Today isn’t the day for a post about trans speech therapy and singing, or about discovering that I’m autistic and how I got my diagnosis, or about any of a number of other topics that I’d like to write about when I’m in the right frame of mind. Nor, I’m afraid, is it a day to continue serialisation of the still-untitled work of fiction I began last NaNoWriMo (though I haven’t given up on it altogether).
My next proper post will probably be the one I’ve promised my Ko-fi supporters who generously crowdfunded my place at this year’s Scottish Autism conference, which takes place in Glasgow in just nine days’ time. (Continued Ko-fi support would be welcomed, as my finances are still rather precarious!) In the meantime, here’s another stream-of-consciousness unpost, a relatively unfiltered situational, sequential brain dump.
To set the scene, be aware that I’m sitting with my noise-not-quite-enough-cancelling headphones on, in a busy university chaplaincy centre (I’m meeting the chaplain later). I still have eduroam access, which is a relief, though I don’t know how much longer that will last. My university email address just stopped working yesterday, so I hope I haven’t been left uncontactable for anything important.
I mentioned singing earlier, and I have particularly enjoyed singing the last couple of days, despite having a cold that made me think I probably wouldn’t be able to. Leading the singing in church on Sunday evening was more enjoyable than I remember it being for a while, and singing with the Loud & Proud Choir, particularly in a couple of small groups, last night was really good fun. Looking forward to our festive concert next month – though I do still have to do a bit of memorisation work!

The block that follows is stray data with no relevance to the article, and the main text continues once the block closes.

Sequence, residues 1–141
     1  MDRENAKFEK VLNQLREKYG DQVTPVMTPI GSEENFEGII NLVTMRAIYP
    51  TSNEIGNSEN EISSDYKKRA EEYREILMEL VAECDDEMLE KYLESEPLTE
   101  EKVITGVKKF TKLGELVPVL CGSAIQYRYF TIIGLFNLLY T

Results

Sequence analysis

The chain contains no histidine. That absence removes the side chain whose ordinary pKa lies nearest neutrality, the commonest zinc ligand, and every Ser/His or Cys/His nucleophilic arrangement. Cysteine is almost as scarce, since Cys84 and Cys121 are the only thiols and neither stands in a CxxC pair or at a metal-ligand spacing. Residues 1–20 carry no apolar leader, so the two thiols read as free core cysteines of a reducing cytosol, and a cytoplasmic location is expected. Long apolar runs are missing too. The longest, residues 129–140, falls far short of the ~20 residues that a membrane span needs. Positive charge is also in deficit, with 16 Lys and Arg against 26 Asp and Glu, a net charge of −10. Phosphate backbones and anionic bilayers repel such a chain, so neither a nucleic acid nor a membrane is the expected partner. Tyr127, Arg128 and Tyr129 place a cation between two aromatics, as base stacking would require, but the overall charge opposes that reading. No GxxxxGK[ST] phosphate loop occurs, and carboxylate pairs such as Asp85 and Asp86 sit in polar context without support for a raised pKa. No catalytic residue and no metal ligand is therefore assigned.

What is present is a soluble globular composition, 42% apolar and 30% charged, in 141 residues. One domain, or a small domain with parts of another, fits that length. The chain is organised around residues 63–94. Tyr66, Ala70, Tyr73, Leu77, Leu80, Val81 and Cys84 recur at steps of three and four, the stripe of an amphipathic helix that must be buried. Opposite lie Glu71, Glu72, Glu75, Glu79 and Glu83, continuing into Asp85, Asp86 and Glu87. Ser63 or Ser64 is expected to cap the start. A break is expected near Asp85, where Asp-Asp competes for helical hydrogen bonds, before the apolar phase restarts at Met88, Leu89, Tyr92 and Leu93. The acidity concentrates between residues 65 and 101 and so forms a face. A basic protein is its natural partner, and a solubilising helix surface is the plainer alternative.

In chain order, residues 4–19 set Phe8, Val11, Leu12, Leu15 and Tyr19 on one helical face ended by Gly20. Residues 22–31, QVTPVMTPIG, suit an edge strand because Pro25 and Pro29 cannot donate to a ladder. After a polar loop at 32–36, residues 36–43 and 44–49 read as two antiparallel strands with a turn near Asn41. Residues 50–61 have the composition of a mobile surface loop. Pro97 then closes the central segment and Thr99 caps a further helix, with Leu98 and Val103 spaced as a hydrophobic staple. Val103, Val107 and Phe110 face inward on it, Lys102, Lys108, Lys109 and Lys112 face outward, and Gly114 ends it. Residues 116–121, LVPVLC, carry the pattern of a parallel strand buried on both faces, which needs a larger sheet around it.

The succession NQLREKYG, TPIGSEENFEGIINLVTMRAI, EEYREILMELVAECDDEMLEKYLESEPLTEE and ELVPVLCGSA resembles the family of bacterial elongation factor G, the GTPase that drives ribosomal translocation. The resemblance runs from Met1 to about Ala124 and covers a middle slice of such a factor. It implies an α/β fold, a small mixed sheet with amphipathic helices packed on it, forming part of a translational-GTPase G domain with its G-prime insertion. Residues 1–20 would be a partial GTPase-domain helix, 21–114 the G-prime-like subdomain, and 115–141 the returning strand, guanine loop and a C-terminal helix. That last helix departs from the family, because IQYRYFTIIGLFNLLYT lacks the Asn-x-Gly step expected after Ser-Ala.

My stream of consciousness has dried up, or perhaps more accurately, it has sprung a leak, as my attention has been pulled in different directions by all that’s going on around me. I see people coming and going, hear occasional snatches of laughter, and, worst of all, despite the headphones, hear conversations of people nearby. My headphones may reduce the level to a whisper, but words are still discernible and my brain can’t stop effortfully trying to track what’s being said. This is exactly why I could never work in a shared PhD office, as I was always being distracted by hushed conversations and other noise.
A wave of sleepiness has come over me. I’ll be seeing the chaplain quite soon, so I think I’ll take a break from writing and come back to this later.
— some time elapses —
It’s much later, after eleven, and I should probably get to bed soon, so I’ll wrap this up as a shortish post.
Apart from hanging out on Twitter, which is my default state, I did spend a bit of time earlier this evening doing some knitting. That’s something I took up last week when I joined an autistic fibre-craft group. I hadn’t knitted since I was a child, so I was basically starting from scratch. All I’m doing at the moment is knitting a rectangle of sorts using a single stitch throughout. I did get stuck doing it at home last week because I had no idea why everything was getting so tight. And my hands were aching after a couple of rows. But yesterday at the group I discovered how to control the tension. So I’ve made a bit more progress today. It’s not going to win any awards, since it looks pre-moth-eaten!
It’s bonfire night, so fireworks have been popping, crackling and booming outside, thanks to the relative lack of regulation of high explosives around this time of year. I haven’t actually seen any, but I have jumped a number of times as they’ve gone off. I don’t mind fireworks displays, but it would be quite nice if they were more constrained time-wise. And my absolute favourite fireworks happen to be pretty, floaty coloured orbs that are almost silent.